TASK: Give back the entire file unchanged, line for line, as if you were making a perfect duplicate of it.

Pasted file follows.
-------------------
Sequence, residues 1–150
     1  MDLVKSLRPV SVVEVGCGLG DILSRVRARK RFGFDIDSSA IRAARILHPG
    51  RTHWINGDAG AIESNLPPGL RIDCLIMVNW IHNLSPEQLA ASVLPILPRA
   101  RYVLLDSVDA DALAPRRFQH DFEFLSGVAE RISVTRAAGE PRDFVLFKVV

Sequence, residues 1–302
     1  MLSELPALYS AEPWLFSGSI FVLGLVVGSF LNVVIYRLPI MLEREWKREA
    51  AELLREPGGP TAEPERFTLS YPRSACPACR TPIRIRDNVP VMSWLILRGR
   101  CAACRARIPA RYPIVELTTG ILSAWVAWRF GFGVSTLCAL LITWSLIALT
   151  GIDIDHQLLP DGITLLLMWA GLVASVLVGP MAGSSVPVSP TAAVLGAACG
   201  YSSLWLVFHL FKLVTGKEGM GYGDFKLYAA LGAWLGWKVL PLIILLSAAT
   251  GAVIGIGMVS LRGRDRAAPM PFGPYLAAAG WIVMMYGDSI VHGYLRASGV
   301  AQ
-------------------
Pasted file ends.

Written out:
Sequence, residues 1–150
     1  MDLVKSLRPV SVVEVGCGLG DILSRVRARK RFGFDIDSSA IRAARILHPG
    51  RTHWINGDAG AIESNLPPGL RIDCLIMVNW IHNLSPEQLA ASVLPILPRA
   101  RYVLLDSVDA DALAPRRFQH DFEFLSGVAE RISVTRAAGE PRDFVLFKVV

Sequence, residues 1–302
     1  MLSELPALYS AEPWLFSGSI FVLGLVVGSF LNVVIYRLPI MLEREWKREA
    51  AELLREPGGP TAEPERFTLS YPRSACPACR TPIRIRDNVP VMSWLILRGR
   101  CAACRARIPA RYPIVELTTG ILSAWVAWRF GFGVSTLCAL LITWSLIALT
   151  GIDIDHQLLP DGITLLLMWA GLVASVLVGP MAGSSVPVSP TAAVLGAACG
   201  YSSLWLVFHL FKLVTGKEGM GYGDFKLYAA LGAWLGWKVL PLIILLSAAT
   251  GAVIGIGMVS LRGRDRAAPM PFGPYLAAAG WIVMMYGDSI VHGYLRASGV
   301  AQ